In Memoriam: Syed Saleem Shahzad
- June 02, 2011
The murder of the Pakistani journalist Syed Saleem Shahzad, bureau chief of the Asia Times Online, is another indication of the rottenness at the heart of the Pakistani state. Last year 44 journalists were killed in Pakistan, more than any other country in the world.
Shahzad was one of the most courageous, well-informed and reliable reporters in the country, and I often read his sharp and well-informed dispatches in the Asia Times, which has just published some moving tributes to him.
Shahzad was killed after filing the first of a two-part report on last month’s attack on the PNS Meran naval station in Karachi last month.
At the time the attack was seen as another act of vengeance for the killing of Osama bin Laden, but Shahzad claimed that it was carried out in response to the arrest of an al-Qaeda cell inside the navy itself. The second part of the story on ‘recruitment and training of militants’ was never completed.
The most probable culprit appears to be the Pakistani intelligence agency, the fearsome Inter Services Intelligence Directorate (ISI).
Human Rights Watch claims to have been informed by a ‘reliable interlocutor’ that Shahzad was abducted by the ISI before his death, and Shahzad himself also told colleagues that he had been indirectly threatened by the ISI.
The ISI is a fairly monstrous institution, an intelligence agency-cum-mafia, in which state-sponsored jihadism, gangsterism, drugdealing, and profiteering overlap with Pakistan’s military and strategic competition with India.
Its dominant position in Pakistani society can be traced back to the anti-Soviet jihad in Afghanistan, when together with the Saudi intelligence services and the CIA, it managed the supply of weapons and training to the Afghan Mujahideen.
The ISI also helped organize the transportation of Afghan opium and heroin production to finance the ‘muj’- a pipeline which neatly combined various objectives at the same time, from turning Soviet soldiers into heroin addicts, financing the jihad and making a lot of money for those involved in the trade.
From the point of view of the United States, the ISI has always been an ambiguous and difficult ally. Long before his death, Osama bin Laden was believed to have a good working relationship with the ISI, which some believe helped him get out of Afghanistan during Nato’s toppling of the Taliban.
The essential ambivalence of this relationship was embodied by the presence in Washington on the morning of September 11 2001, of the ISI’s then director-general General Mahmood Ahmed at a meeting with the House Intelligence Committee.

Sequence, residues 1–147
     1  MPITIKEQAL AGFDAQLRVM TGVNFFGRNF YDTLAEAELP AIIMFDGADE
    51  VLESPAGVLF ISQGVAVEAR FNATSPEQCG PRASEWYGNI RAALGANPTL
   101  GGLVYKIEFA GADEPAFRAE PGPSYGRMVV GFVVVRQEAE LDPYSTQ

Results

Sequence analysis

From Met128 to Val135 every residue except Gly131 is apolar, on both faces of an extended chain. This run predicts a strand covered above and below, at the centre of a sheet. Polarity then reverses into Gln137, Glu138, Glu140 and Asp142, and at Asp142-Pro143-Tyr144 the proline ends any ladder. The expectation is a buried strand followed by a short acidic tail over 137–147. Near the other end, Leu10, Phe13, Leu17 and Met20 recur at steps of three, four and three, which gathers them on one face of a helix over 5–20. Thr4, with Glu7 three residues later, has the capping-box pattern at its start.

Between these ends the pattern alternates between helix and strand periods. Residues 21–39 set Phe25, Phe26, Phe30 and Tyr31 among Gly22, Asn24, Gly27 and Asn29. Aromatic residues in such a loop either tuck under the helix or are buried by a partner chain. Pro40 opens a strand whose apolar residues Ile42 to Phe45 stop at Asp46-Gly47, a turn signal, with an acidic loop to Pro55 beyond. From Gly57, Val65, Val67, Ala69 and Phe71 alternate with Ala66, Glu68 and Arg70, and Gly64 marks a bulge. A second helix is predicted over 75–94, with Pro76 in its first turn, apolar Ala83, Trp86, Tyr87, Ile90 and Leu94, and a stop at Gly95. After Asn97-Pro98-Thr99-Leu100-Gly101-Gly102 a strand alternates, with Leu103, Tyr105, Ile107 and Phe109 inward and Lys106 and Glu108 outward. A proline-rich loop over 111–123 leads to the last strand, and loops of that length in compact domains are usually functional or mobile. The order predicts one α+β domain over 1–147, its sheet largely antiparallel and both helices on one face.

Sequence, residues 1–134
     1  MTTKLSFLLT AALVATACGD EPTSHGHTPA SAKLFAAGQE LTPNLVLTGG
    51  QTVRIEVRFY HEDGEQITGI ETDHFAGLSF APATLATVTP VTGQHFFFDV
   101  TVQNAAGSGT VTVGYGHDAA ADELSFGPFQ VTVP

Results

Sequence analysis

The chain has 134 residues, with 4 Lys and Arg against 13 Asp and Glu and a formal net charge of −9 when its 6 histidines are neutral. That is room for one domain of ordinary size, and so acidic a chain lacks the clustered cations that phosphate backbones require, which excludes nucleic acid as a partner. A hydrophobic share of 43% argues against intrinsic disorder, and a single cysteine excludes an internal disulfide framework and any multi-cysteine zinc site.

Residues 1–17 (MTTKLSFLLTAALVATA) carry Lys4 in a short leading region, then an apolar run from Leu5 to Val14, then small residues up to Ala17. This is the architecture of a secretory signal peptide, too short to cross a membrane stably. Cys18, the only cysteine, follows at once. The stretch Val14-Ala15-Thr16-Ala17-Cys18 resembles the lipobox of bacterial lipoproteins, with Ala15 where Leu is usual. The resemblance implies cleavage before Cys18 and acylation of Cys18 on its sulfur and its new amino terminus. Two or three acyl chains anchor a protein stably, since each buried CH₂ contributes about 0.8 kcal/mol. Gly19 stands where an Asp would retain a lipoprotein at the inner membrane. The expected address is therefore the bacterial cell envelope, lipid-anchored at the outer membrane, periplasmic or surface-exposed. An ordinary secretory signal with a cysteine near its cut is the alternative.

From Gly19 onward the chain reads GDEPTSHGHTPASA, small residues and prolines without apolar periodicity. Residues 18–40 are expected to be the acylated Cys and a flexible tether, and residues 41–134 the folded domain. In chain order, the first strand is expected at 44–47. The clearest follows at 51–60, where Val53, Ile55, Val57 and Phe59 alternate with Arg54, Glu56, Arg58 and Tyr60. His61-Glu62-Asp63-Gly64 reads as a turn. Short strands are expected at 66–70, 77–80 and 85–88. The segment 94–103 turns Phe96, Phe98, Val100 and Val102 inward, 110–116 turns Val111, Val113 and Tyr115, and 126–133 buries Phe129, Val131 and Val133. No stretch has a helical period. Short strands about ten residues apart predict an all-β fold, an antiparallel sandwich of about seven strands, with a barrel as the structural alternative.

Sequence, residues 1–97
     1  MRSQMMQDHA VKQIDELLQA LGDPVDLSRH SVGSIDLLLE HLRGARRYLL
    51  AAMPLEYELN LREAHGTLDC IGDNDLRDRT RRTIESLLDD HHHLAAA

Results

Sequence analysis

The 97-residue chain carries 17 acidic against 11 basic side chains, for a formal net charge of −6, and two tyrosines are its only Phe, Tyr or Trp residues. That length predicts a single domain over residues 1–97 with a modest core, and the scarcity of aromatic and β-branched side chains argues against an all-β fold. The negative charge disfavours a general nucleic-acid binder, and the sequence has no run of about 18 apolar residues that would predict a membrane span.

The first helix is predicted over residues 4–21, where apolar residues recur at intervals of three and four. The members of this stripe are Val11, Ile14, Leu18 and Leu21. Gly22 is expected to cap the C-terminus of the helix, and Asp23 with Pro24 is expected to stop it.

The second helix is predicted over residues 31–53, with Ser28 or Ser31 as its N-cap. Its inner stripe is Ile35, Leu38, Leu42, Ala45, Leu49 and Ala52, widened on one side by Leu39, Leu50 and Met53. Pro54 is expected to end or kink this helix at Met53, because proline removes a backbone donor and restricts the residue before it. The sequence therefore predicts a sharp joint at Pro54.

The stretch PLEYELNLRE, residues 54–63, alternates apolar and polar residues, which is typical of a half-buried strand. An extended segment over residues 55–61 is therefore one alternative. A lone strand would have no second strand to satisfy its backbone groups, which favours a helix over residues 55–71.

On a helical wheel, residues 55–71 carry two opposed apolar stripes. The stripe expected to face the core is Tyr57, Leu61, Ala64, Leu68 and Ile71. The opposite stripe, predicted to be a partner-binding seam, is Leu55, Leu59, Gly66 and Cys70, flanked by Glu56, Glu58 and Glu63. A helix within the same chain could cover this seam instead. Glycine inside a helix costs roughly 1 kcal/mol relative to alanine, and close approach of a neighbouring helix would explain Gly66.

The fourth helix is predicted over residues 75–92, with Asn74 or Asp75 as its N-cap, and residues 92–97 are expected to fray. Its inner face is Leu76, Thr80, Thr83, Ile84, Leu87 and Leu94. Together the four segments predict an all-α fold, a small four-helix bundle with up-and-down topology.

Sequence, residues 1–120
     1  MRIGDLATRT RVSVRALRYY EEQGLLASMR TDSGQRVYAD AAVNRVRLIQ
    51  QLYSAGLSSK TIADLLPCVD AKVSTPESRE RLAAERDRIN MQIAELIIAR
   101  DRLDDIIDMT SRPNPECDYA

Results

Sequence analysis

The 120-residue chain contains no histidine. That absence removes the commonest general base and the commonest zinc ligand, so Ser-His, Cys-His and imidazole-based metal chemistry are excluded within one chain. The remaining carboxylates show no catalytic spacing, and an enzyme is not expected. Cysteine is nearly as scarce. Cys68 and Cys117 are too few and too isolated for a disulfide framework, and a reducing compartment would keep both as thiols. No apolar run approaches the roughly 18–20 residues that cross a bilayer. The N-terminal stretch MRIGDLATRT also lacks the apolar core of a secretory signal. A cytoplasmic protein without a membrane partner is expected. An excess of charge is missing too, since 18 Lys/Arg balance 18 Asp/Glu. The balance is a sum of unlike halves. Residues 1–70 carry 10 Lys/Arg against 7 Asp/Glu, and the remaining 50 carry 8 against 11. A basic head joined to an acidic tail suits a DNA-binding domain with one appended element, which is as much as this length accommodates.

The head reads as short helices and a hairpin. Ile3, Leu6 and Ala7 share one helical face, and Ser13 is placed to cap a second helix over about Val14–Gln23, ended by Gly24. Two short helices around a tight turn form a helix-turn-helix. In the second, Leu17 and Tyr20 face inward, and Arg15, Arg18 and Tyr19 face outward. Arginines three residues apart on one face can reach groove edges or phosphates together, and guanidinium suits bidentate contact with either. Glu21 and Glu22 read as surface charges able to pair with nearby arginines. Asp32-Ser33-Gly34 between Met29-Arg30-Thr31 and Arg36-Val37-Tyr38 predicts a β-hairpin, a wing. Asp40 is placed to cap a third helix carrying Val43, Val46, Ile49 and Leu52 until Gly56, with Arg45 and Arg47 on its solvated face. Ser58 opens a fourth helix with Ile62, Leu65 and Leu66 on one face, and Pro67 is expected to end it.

Previously, according to the Times of India, General Mahmood had sent a cheque for $100,000 to the lead hijacker Muhammed Atta via an emissary called Ahmed Omar Saeed Sheikh
A British-born militant of Pakistani origin, Saeed Sheikh was subsequently convicted in Pakistan of the murder of the Wall Street Journal reporter Daniel Pearl, who bravely – if somewhat naively – attempted to investigate Pakistan’s military-al Qaeda connections by himself following the September 11 attacks.
According to reporting carried out by The Pearl Project – a joint project carried out by Georgetown University and the International Consortium of Investigative Journalists at the Center for Public Integrity – the man who killed Pearl was none other than Khalid Sheikh Mohammed, the alleged 9/11 ‘mastermind’ – and if he murdered Pearl on behalf of the ISI then he too was likely to have been an ISI operative.
The Taliban was originally an ISI creation and many analysts believe that these links continue.
Last year a report by the London School of Economics claimed that support for the Taliban was ‘official ISI policy’ and that ‘ There is thus a strong case that the ISI orchestrates, sustains and shapes the overall insurgent campaign’.
It may seem somewhat paradoxical – and illogical – that the United States has spent the last decade fighting the ‘war on terror’ with an ally whose intelligence services have played a role in the 9/11 attacks, murdered an American journalist, sponsored jihadist violence both inside and outside Pakistan, and which also collaborates with the same fundamentalist insurgents who American and European troops are fighting in Afghanistan in order to uphold democracy and Western ‘values’ .
The ‘war on terror’ is riddled with similar contradictions.
Hillary Clinton has condemned the killing of Shahzad and declared that ‘ His work reporting on terrorism and intelligence issues in Pakistan brought to light the troubles extremism poses to Pakistan”s stability.’
But this ‘extremism’ is partly a legacy of the sleazy and corrupt strategic relationship with the Pakistani military and intelligence services established by the United States and its allies during the Cold War. As Lord Palmerston famously put it in a different context ‘we have no eternal allies, and we have no perpetual enemies. Our interests are eternal and perpetual, and those interests it is our duty to follow.’
For Pakistani civil society the dominance and impunity of the ISI and the military is an ongoing disaster, which is choking the prospects for democratic growth and threatens to unravel the country.
Syed Salam Shahzad may be one more victim of a monster which the West helped to create – and may no longer be capable of controlling.